Bloody Mama Blues by Neil Howard

Neil Howard served in Vietnam as a 2nd Lieutenant after completing OCS at Fort Benning. In his novel Bloody Mama Blues (The Lighthouse Press, 396 pp., $16, paper) Howard’s dedication signals his attitude toward the Vietnam War: “Dedicated to my fellow Vietnam veterans who were forever changed by a futile war waged by an ungrateful nation.”

The book, which the author tells us is “based on actual events,” begins in Chu Lai in February 1971 when we meet the main character, Lt. Mike Hardy, who has just arrived in country. We are exposed to the rain of Vietnam, which is relentless and can chill a soldier to the bone. Hardy’s musty wool Army blanket “provided little insulation,” a fact I can attest to. People who have not been there have trouble believing that wool blankets were needed in the semi tropical country of Vietnam. Believe it.

When Hardy arrives, he is greeted by a blast of heat and the acrid smell of burning garbage or worse—something we find in nearly all Vietnam War books, fiction and nonfiction. Soon we are told: “They love us. We’re going to make Viet Nam safe for democracy and corruption. How could anyone hate a country that introduced them to Coca-Cola and the Beatles.”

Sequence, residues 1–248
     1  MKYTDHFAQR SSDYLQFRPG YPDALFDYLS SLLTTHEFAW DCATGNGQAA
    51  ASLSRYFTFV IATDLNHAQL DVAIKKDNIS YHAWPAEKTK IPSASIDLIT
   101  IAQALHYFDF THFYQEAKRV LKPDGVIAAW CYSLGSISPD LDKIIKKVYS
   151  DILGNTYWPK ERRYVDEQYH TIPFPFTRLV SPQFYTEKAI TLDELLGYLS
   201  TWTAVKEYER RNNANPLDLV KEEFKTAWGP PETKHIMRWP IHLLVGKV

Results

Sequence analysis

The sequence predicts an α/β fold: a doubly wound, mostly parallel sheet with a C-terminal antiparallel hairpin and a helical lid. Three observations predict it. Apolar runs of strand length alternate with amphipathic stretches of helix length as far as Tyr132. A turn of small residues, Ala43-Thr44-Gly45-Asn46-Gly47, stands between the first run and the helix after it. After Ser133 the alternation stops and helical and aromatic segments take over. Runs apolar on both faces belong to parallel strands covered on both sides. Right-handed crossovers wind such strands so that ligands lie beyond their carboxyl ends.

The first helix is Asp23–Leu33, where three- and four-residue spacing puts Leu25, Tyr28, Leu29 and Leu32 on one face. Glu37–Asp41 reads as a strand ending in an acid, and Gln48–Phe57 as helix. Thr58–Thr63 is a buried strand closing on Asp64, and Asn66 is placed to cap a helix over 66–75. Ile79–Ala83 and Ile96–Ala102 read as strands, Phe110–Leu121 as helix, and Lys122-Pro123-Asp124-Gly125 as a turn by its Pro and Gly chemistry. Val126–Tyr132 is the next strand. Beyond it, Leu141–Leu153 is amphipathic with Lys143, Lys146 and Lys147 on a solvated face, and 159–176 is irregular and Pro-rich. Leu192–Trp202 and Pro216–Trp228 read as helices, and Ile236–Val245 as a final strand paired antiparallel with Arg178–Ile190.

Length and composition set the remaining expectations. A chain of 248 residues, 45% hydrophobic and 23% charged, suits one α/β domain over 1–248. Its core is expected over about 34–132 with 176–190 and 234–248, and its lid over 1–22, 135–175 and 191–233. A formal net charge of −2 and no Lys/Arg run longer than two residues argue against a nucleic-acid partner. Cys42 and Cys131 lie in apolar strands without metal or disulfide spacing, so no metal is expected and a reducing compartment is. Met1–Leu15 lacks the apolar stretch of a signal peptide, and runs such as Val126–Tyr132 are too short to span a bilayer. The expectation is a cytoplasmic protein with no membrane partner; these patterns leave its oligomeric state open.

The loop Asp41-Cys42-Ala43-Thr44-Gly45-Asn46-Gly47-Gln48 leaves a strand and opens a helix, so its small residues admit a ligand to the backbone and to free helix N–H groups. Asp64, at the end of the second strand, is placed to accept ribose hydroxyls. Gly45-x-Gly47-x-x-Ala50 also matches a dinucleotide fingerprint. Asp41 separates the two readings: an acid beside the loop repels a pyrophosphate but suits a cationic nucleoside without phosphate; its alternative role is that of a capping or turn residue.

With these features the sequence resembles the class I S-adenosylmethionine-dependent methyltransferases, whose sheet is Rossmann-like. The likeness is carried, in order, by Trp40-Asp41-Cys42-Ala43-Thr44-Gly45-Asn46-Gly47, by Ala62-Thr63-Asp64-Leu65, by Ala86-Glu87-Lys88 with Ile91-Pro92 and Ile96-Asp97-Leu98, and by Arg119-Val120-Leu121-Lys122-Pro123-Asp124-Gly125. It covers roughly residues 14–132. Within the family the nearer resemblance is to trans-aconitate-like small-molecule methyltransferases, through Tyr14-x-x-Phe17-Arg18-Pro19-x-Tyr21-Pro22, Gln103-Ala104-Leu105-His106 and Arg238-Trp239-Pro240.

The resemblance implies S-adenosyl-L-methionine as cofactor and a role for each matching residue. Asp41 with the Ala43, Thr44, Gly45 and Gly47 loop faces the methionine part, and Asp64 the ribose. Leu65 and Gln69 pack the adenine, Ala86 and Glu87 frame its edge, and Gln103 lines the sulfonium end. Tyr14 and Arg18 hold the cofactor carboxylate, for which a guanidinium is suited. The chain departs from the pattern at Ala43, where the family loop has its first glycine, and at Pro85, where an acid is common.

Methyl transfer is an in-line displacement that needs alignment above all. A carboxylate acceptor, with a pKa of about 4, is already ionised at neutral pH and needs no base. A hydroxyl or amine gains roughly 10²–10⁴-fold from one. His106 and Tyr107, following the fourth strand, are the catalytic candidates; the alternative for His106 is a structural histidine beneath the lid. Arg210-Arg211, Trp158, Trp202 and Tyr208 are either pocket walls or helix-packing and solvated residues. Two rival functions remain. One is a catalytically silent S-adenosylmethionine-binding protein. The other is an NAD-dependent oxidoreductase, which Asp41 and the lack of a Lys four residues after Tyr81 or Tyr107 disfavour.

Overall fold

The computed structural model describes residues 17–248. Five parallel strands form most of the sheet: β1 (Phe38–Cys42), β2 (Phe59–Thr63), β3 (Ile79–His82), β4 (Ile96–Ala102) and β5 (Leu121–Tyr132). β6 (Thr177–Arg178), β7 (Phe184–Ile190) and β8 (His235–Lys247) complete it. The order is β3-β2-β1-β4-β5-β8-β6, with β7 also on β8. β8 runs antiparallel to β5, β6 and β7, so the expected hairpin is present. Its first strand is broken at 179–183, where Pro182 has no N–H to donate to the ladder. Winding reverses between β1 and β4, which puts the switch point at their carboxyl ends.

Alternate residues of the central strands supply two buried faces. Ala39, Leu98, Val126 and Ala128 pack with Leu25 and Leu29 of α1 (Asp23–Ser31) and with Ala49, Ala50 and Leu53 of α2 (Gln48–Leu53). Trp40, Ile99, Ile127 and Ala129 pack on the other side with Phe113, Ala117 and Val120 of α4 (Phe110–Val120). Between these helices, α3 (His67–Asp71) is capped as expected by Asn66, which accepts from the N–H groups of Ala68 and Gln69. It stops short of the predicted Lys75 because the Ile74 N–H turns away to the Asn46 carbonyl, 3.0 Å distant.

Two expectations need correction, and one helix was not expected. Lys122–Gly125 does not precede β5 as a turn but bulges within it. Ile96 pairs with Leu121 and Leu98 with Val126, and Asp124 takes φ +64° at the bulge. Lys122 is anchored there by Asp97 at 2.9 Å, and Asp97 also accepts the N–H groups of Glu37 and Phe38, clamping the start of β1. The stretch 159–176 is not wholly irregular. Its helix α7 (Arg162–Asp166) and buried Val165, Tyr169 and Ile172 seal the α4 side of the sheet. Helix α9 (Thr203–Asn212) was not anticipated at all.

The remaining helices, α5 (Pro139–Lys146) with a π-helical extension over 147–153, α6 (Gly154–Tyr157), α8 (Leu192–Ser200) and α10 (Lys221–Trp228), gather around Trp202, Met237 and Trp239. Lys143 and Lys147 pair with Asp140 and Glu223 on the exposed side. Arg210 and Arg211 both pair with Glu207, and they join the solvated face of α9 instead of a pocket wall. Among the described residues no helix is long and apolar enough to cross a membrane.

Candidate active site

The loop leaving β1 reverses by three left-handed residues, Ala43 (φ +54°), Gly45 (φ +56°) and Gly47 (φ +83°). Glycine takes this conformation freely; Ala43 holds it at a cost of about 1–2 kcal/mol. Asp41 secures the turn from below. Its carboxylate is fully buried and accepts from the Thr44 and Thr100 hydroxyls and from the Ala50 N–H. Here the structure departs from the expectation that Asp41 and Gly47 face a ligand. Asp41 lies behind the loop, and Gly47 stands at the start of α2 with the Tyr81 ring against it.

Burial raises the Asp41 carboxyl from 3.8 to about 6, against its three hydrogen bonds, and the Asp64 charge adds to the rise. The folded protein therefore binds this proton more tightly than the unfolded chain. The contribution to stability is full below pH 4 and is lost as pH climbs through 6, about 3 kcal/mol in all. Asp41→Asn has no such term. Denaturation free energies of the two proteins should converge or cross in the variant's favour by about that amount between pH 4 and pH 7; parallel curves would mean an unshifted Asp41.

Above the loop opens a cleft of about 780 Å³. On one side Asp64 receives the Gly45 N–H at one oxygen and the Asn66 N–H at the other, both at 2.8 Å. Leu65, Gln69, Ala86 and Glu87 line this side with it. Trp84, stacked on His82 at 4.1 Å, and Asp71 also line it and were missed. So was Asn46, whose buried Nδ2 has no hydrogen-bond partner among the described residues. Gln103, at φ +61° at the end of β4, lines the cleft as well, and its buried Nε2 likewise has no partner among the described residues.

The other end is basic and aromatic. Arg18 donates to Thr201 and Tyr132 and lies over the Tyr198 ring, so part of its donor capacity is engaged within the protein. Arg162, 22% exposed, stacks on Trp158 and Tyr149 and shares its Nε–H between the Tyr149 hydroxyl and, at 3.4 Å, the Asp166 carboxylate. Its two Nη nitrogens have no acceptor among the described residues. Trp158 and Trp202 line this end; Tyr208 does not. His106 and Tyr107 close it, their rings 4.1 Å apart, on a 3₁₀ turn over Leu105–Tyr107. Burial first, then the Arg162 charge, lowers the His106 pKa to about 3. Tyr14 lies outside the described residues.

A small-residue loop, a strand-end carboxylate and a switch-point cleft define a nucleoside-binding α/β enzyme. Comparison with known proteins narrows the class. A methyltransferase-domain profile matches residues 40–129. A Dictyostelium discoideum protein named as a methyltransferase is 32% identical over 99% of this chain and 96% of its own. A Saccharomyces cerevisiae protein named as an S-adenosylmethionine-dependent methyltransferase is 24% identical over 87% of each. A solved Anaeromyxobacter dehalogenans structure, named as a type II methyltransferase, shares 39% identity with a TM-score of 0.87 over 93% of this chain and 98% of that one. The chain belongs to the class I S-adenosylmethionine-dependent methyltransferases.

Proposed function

The book jacket tells us that “Lieutenant Mike Hardy expects to serve an honorable tour of duty as an infantry officer. Instead, he is thrown in a cauldron of evil.”

In fact, Hardy becomes a transportation officer in the 73rd Transportation Company in Chu Lai. There is drug use, prostitution, and black market activity, but most of this seems to this former REMF like business as usual in a war zone. It certainly was not even close to being a “cauldron of evil.”

The Bloody Mama of the title is a truck tricked out with armor and armaments. It’s named for the 1970 movie of the same name directed by Roger Corman starring Shelly Winters as a machine-gun-toting Ma Barker.

There also are multiple references to John Wayne in this novel, not all of them admiring. The song, “We Gotta Get Out of This Place” is performed.

Lots of enlisted men are strung out on heroin. The food in the rear is embarrassing to read about, but the reportage is accurate. Steak and lobster and giant shrimp were served. I ate plenty of food like that when I was in Vietnam, and we sometimes even washed it down with really good bourbon.

I attest to the truth and honesty of this novel about life in the rear. You won’t find a better novel about life in a transportation company in the Vietnam war zone.

If you have an interest in what a mostly non-combat tour of duty consisted of, buy this book.

The author’s web site is www.neil-howard.com

—David Willson

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